However, I will say that quite a bit of study of the nature of evil has gone into creating Tofal’s character, which has been a cumbersome task at times. One only need to read a short way into this entry on The Concept of Evil (Stanford Encyclopedia of Philosophy) to understand that evil is a bit hard to pin down. In fact, we all have our own distinct ideas of what evil actually is, believe it or not. For instance, some people have a strictly religious sense of the term, and think about evil as being perpetuated by some supernatural force outside of oneself, while others have a totally secular sense of the term, and while they may or may not believe in a divine power, they do believe that there are some human acts that are so fundamentally abhorrent that only the term evil can apply, though that evil is seen as strictly of this world and man’s making. At the opposite end of the spectrum are those who believe there is no such thing as evil in any sense of the term, either because it requires a supernatural entity in order to exist or because defining an act as evil has a tendency to beget more evil, and doing so is therefore incredibly dangerous, so such acts that would otherwise be deemed evil by the populous should be treated to less hostile terminology, so as to lessen the blow and the blowback. Personally, I find it interesting and disturbing that the ideological divide on the topic of evil is not and will never be some line drawn in the sand and that the nature of evil allows for such varying degrees of understanding and reprehensibility that one person’s little white lie can at the same time be another person’s conspiracy to commit treason, which is why I think evil must exist, though I’m certainly no expert on the topic.
Consider for a moment the truth that one man’s religion is another man’s myth, as Mr. Campbell pointed out. We have proof of this everywhere around us, and have had proof throughout all of recorded history, though somehow this fact hasn’t stopped us from killing each other yet. The idea that such a paradox can exist in a world where there is no such thing as “evil” seems impossible to me. In fact, I have recently come to the (inexpert) conclusion that it, one man’s myth being another man’s religion, actually requires evil in every sense of the word in order to exist. This is not to say, as some evil-skeptics would try to claim, that I believe some religious supernatural power or another is required to bring evil into the world, though that may be what happened. Rather, I think perhaps this is true of all things mutually exclusive, which is just about everything, and that, in itself, might just be the very nature of evil at its core–that it stands somewhere between definition. To take it out of the religious context, one man’s slate gray can be another man’s steel gray at the same time both men are looking at the exact same shade of gray, yet somehow simultaneously seeing vastly different colors that would not look so vastly different to a third party, who would call it verdigris because he’s a little colorblind. This slight shift in perspective, and the very natural human application of mutual exclusivity, is where all difference comes from, and it is in this fertile soil call difference where evil blooms so splendidly. Perhaps this is why there is just one tree of knowledge of good and evil in that old myth about the garden-you cannot eat of one without eating of the other, and that is the curse of our human condition.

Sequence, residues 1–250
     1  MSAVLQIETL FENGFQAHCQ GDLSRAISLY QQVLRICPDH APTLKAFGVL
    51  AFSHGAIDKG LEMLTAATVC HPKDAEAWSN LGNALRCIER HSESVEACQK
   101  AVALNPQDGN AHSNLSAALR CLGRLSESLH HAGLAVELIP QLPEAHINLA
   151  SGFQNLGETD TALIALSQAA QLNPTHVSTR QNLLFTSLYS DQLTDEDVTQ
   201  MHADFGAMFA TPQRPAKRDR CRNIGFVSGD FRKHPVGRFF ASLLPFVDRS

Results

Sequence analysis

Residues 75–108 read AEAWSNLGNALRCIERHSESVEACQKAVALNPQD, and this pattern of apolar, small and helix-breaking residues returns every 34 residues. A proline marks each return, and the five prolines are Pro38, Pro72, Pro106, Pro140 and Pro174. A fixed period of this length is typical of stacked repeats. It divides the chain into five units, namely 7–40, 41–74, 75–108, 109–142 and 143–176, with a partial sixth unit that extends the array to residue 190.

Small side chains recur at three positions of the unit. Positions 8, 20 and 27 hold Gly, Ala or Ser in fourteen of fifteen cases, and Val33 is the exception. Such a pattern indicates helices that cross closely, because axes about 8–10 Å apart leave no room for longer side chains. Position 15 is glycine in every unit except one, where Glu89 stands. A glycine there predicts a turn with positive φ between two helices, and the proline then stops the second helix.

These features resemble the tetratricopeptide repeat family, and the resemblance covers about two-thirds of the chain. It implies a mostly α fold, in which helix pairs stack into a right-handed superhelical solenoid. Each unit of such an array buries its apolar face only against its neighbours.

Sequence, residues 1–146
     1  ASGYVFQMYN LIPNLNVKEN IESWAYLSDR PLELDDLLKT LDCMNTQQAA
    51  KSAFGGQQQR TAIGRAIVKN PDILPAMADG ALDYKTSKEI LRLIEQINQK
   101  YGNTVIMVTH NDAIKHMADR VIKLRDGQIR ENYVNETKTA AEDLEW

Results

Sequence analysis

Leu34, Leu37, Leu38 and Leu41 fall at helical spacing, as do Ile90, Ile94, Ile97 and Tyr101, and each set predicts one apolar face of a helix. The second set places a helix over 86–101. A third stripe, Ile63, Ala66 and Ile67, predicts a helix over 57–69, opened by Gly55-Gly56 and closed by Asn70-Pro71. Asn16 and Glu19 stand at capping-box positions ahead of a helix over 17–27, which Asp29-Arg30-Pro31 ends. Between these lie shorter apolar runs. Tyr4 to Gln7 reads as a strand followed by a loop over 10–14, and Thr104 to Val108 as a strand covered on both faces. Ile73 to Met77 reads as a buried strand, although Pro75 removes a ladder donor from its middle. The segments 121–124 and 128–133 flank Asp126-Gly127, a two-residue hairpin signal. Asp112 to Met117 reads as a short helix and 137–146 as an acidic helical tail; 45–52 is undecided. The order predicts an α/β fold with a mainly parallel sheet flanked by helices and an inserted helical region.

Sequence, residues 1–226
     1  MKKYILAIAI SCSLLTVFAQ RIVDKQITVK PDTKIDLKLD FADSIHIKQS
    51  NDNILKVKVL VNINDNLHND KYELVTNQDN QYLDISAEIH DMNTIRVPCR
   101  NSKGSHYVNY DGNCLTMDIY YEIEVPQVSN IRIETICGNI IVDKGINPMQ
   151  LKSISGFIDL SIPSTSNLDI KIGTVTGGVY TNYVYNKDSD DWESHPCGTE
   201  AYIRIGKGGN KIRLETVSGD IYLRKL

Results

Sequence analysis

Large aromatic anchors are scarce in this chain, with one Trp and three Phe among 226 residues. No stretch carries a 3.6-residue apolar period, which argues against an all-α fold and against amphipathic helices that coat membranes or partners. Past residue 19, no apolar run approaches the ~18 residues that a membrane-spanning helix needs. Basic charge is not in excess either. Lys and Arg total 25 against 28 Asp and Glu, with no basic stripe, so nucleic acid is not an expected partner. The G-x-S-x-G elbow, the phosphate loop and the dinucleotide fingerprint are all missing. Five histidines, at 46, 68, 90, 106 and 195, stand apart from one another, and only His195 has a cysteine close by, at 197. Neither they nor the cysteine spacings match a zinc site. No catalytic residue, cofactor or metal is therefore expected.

I am still learning, but that is my thought on the matter of evil, for today at least. I will just leave you with this bit of fruit in parting: An atrocious act can be seen as an act of heroism, all that is required is a change of author.